In your example, the following line is creating a new
String every time the function gets called:
let mut what = "the".to_string();
The important thing to keep in mind is that when you define a string literal in your source code (such as
"the"), its type is
&'static str - in other words, a reference to the static string that’s stored in your program. You can’t return ownership of
"the" directly, because you don’t own it! So when you call
to_string(), you’re effectively copying the contents of that string into a new one that you do own.
This example might make that concept a bit clearer:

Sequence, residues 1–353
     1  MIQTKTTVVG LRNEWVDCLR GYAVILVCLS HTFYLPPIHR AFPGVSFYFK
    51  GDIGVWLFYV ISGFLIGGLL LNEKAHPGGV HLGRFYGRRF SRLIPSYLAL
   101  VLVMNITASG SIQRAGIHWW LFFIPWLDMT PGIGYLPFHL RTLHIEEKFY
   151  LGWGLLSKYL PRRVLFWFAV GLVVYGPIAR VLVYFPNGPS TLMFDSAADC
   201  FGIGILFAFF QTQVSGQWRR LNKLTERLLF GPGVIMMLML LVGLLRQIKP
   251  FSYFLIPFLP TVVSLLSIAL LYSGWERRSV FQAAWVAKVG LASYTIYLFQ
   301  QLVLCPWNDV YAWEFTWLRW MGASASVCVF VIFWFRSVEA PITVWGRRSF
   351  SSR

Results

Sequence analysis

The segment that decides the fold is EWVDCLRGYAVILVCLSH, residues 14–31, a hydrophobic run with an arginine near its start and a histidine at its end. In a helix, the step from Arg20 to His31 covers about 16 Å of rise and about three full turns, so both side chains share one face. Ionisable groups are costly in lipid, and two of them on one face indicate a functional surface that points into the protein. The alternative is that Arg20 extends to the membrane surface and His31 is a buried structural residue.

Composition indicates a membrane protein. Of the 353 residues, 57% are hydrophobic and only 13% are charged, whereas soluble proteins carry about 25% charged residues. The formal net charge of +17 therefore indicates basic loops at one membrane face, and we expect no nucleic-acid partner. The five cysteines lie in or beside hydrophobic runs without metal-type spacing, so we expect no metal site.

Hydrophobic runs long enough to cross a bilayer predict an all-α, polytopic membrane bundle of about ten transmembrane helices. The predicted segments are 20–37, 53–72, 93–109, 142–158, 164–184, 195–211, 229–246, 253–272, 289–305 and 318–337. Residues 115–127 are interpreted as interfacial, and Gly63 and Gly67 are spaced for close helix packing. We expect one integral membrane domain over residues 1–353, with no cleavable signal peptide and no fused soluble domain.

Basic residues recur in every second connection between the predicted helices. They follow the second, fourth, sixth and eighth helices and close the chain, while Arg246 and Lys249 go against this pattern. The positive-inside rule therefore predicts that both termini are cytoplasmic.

// The above line of code is equivalent to this, with explicit type annotations added:
let the: &'static str = "the";
let mut what: String = the.to_string();
Since you’re returning this new string directly rather than holding on to it somewhere and returning a reference, the caller gets ownership of it. This part doesn’t do any copying.
So to answer your question,
d are all separate strings, but they’re all owned by
main. If you looked at a memory map,
"the" and all four of your return values would most likely have separate locations. Does that make sense?